Dignity means that you take 1 Corinthians 13’s love and put it on display. You guard your words, not telling your insider information about your spouse at a dinner party in order to get a laugh at your spouse’s expense. It means you tell the truth even if it hurts, and you share about your struggles, because you grant them dignity in walking together with you (and they in return are careful not to judge or be prideful because they too are sinners in need of support for other sins). You guard them when others attempt to demean them, and you yourself work to listen empathetically rather than pointing fingers.

Is this rule an easy one to follow? Absolutely not! It requires grace upon grace that can only come from the Lord, and it certainly is a work in progress. But if you find that you are in a degrading relationship where you come away from the other feeling the need to be uplifted or encouraged (and especially if you are thinking of another specific person of the opposite sex to be encouraged by), it might be time to reconsider why you are in the relationship.

Husbands, go all out in your love for your wives, exactly as Christ did for the church—a love marked by giving, not getting. Christ’s love makes the church whole. His words evoke her beauty. Everything he does and says is designed to bring the best out of her, dressing her in dazzling white silk, radiant with holiness. And that is how husbands ought to love their wives. They’re really doing themselves a favor—since they’re already “one” in marriage… What is clearest to me is the way Christ treats the church. And this provides a good picture of how each husband is to treat his wife, loving himself in loving her, and how each wife is to honor her husband. (Ephesians 5:25-28, 32-33)


I understand long-term singleness; I held my place known as the single girl who never had a man to write home about for the first 28 years of my life. Oh sure, I dated once in awhile, but I could never feel the peace that came when I met my husband; we married when I was 29. One of the reasons, I believe, our relationship blossomed so quickly (and was fully supported by our family and inner circle of friends, mentors and accountability partners) was because when we met, we were not looking for a mate. We both had suffered the mind games of going into the grocery store, church, the gym, and thinking over and over, “Hmm… is that him/her? What about that person?” Enough was enough for us both.

With crucial seasons coming before us (he, seeking the Lord in a wholehearted manner; I was starting a master’s program and running my own business), we both were in heart seasons in which we were not trying to cross the line of “marriage with the white dress and a house so I never have to be alone.” And yet, we recognized within the first few days of getting to know one another, life was simply better because that person was around.

I had lost my dad to heart disease at 13, and as an only child with a disabled mother, I was fiercely independent who never trusted men to stay around. Suddenly, there was someone who gave of himself, who offered to drive me to a doctor’s appointment (and taking off work to do it, all the while never acting the hero but simply the servant). I realized that here was a male best friend like I’d never had - we had loads of fun together, cried together, talked endlessly about social justice and theology and worship and God’s Word, and stretched each other when he wanted to do something physically daring (like jump off a waterfall) and I wanted to go swing dancing. Life was richer because we were together, and the more we got to know one another, the more we realized we wanted to do mundane and mourning, exciting and stretching - all of it - as a united pair.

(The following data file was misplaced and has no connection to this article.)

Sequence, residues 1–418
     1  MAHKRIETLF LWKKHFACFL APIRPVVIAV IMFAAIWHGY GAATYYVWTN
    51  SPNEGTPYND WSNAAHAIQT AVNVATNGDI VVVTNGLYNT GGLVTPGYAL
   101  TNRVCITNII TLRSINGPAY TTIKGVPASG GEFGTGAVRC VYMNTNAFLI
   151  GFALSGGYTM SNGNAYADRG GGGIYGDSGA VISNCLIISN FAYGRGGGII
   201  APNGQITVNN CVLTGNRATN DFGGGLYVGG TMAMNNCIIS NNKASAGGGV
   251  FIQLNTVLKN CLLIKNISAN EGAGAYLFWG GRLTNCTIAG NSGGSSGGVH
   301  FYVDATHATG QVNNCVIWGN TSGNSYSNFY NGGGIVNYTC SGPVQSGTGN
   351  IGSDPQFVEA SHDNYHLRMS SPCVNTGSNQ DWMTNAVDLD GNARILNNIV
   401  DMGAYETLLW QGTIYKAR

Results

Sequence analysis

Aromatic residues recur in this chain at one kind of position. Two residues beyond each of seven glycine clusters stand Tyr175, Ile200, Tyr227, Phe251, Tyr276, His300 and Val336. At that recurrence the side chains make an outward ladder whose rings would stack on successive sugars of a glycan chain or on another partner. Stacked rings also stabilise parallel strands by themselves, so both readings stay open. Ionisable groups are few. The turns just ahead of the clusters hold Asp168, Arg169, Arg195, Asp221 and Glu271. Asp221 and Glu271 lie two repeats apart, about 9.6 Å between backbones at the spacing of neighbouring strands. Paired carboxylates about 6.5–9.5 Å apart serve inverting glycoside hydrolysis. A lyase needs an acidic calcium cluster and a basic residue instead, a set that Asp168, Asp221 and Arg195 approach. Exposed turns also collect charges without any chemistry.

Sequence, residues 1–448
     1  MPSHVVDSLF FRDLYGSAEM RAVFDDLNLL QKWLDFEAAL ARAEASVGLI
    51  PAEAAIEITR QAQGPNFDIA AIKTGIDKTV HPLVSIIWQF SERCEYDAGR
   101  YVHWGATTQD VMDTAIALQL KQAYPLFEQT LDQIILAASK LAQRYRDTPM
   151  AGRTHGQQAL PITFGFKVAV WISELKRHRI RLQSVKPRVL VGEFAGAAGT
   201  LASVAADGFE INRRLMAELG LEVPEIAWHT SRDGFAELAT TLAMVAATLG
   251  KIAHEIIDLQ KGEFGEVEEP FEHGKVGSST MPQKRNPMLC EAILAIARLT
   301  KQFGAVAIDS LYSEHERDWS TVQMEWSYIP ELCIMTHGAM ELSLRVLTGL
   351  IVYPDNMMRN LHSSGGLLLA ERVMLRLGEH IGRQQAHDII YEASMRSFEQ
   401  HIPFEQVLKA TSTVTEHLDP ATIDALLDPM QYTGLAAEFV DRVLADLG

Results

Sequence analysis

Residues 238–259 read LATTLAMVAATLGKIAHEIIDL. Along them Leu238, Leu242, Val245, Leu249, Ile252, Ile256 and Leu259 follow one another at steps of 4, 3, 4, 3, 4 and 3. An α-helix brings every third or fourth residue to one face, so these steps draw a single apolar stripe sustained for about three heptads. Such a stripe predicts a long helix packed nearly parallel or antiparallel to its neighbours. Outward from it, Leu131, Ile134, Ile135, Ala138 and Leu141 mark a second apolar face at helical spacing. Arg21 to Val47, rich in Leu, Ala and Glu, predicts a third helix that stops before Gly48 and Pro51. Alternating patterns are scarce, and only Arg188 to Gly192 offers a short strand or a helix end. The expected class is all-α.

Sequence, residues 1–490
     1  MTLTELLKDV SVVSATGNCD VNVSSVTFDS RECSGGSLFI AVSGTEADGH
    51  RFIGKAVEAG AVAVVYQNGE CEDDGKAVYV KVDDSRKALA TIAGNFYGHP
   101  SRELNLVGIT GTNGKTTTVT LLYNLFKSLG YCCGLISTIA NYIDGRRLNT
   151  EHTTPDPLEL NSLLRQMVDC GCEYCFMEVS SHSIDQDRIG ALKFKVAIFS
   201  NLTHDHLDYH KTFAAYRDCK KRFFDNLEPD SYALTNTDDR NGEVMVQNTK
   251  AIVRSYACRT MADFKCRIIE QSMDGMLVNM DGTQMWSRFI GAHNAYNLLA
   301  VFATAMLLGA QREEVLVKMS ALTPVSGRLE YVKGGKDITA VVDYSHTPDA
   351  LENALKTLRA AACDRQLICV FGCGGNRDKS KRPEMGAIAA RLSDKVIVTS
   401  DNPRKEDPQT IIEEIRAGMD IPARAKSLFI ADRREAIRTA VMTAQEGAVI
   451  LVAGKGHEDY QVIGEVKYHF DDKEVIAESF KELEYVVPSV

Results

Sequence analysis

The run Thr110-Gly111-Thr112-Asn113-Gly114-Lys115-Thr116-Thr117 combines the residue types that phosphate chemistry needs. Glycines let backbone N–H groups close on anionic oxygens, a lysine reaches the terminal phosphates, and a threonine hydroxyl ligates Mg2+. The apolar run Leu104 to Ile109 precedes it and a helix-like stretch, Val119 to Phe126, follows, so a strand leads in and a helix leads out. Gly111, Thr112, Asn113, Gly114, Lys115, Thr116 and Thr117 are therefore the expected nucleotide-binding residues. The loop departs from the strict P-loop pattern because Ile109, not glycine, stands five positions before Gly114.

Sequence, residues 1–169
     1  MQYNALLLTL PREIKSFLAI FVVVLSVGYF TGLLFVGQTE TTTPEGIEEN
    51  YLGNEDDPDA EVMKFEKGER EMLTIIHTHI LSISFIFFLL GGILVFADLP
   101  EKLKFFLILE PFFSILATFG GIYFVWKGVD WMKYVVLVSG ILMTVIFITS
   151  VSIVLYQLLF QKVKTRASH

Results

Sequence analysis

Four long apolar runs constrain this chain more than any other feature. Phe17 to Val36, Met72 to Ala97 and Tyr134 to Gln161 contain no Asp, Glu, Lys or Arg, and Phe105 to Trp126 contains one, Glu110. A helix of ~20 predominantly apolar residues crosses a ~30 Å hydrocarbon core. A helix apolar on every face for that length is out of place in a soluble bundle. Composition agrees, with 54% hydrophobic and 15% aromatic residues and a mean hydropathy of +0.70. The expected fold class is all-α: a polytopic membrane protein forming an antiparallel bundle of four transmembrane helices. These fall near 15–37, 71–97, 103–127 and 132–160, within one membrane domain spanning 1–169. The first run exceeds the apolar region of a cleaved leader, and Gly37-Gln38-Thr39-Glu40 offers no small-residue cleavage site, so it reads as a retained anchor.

Are you seeking to fill a gap in your heart that goes beyond the person in front of you? If yes, seek the Lord’s direction on how He might fill it. During my single days, I wept on numerous occasions, begging the Lord to place me in a family with a husband and in-laws and the whole bit. But I also served in the community, I had great roommates and friends in similar seasons with whom to do life, and I was determined that being single was better than being married to one who would not encourage me to be the best me (and it saved me a lot of heartache that would have involved other people).

Consider if you are seeking to fill dreams that have not yet been met, or if you are truly in the relationship because you and your dating partner make each other better in the Lord, in your community, in your individual pursuits and in your shared goals.

Breaking up is never easy, but if you truly want to serve your own and your partner’s heart well (and you aren’t committed to the long term), it’s time to cut ties and your own control, and let the Lord guide you on an adventure based on freedom and wonder.

Summing up: Be agreeable, be sympathetic, be loving, be compassionate, be humble. That goes for all of you, no exceptions. No retaliation. No sharp-tongued sarcasm. Instead, bless—that’s your job, to bless. You’ll be a blessing and also get a blessing. Whoever wants to embrace life and see the day fill up with good, Here’s what you do: Say nothing evil or hurtful; Snub evil and cultivate good; run after peace for all you’re worth. God looks on all this with approval, listening and responding well to what he’s asked. (1 Peter 3:8-12, MSG)

Julie Langford and her best friend (and husband) Andrew love living in Portland, Oregon where she enjoys practicing ballet, exploring outdoor adventures, and inventing a new kind of wheel (or enjoying reinventing the old one). You can learn more about her and Learning to Become at

Publication date: July 26, 2016